October 11: Polar Explorer Richard Byrd Tours Connecticut

  In the 1920s and 1930s, few real-life figures captured the American imagination like Richard E. Byrd, the dashing Navy hero and polar explorer who gained international fame after becoming the first man to fly over the North and South poles.  After graduating from the U.S. Naval Academy and serving with distinction as a Navy…

September 29: The USS Connecticut and the “Great White Fleet”

  On this day in 1904, the USS Connecticut was launched as the flagship of a new class of heavy battleships intended to show off a new era of American naval dominance in the early 20th century.  These battleships were the hallmark of President Theodore Roosevelt’s signature initiative to modernize the American navy. The USS…

September 4: The USS Everett Larson Honors A Brave Connecticut Marine

  Born in Stamford, Connecticut in 1920, Everett Frederick Larson was one of thousands of young Connecticans who answered their country’s call to service during World War II.  In January 1942, Larson enlisted in the United States Marine Corps Reserve and, several months later, participated in the Guadalcanal Campaign, a major offensive by the Allied…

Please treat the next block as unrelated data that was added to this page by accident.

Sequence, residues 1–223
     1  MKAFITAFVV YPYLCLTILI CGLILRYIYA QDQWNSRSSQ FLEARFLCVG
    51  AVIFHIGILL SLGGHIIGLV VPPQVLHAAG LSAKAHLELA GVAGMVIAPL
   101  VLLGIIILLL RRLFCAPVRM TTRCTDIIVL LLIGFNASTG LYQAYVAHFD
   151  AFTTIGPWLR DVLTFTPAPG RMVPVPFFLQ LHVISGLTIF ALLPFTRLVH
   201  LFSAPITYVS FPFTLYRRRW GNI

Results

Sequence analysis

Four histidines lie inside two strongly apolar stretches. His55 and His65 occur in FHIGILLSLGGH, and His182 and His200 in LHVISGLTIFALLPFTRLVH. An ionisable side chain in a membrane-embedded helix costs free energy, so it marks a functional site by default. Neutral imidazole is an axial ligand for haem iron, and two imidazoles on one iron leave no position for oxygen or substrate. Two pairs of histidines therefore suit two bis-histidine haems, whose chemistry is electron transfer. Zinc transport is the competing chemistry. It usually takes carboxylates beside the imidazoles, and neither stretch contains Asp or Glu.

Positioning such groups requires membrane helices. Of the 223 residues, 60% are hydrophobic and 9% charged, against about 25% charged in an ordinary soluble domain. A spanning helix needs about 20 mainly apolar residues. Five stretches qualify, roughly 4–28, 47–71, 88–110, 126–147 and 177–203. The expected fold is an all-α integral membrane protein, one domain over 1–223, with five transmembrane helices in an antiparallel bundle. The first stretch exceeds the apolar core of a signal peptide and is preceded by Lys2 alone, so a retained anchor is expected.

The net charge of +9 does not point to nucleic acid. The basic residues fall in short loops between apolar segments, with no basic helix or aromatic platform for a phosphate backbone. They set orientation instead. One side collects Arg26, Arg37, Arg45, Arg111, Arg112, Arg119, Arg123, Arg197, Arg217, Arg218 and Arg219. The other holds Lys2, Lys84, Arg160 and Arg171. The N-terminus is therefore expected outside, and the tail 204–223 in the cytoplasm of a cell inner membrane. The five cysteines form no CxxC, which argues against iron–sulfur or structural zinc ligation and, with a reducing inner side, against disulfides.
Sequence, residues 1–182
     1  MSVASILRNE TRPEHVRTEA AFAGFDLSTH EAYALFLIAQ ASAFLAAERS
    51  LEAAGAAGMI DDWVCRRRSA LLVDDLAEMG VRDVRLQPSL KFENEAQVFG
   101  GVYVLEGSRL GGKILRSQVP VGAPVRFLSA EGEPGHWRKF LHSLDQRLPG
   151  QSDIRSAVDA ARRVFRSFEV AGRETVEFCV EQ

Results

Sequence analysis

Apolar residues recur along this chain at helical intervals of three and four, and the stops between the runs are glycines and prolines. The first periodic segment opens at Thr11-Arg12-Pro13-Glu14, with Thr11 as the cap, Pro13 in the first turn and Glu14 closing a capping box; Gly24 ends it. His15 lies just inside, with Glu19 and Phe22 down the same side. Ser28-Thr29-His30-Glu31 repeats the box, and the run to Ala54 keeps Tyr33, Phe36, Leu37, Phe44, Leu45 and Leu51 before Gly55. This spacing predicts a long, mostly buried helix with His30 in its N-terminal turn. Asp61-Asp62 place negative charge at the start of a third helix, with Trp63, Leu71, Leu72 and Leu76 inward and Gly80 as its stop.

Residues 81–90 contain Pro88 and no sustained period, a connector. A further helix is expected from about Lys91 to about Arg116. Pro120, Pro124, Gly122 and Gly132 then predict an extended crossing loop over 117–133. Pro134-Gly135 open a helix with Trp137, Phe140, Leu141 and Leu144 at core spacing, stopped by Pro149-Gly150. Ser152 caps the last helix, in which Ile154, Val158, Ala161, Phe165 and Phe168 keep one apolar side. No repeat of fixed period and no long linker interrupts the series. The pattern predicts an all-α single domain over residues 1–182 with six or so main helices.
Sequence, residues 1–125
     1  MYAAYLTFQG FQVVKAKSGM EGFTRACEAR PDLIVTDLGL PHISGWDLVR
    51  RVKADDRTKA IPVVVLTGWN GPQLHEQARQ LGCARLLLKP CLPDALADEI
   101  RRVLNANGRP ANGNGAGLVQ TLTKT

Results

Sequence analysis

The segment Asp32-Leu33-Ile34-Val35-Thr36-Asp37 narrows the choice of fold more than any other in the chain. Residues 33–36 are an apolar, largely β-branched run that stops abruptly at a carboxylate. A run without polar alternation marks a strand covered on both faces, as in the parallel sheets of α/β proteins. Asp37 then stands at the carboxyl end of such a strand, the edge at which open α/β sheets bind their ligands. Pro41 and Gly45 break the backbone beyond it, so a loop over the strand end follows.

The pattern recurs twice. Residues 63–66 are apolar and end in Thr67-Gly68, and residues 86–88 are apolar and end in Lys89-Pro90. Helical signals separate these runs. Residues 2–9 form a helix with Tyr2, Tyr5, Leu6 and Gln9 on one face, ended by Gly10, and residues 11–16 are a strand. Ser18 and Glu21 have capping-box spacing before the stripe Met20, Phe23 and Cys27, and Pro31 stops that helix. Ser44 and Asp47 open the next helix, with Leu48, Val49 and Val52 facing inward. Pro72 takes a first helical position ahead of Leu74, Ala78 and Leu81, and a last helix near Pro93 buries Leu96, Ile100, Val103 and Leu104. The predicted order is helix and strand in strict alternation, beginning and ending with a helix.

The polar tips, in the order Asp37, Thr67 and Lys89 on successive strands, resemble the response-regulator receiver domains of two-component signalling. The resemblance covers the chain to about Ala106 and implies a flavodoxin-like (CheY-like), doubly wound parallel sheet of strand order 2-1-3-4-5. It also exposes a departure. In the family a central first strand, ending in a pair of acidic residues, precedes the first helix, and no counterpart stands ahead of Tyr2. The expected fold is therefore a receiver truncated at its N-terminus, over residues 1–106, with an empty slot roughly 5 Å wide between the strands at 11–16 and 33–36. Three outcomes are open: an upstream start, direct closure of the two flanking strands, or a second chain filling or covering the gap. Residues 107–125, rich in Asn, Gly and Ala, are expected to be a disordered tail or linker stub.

June 14: President Truman Dedicates the World’s First Nuclear Submarine

    On this date in 1952, President Harry S. Truman journeyed to Groton, Connecticut to dedicate the world’s first nuclear-powered submarine, the USS Nautilus.  The keel-laying ceremony took place at the Electric Boat shipyard on the banks of the Thames River and was hailed in local newspapers as “The Birth of the Atomic Era…

April 11: New London Sub Base first opens as Naval Depot

  On this day in Connecticut history, Naval Submarine Base New London — the home of the United States submarine force — was first established as a navy yard and storage depot. In 1868, several towns in Southeastern Connecticut jumped at the chance to host a naval installation in their area, pooling their resources to…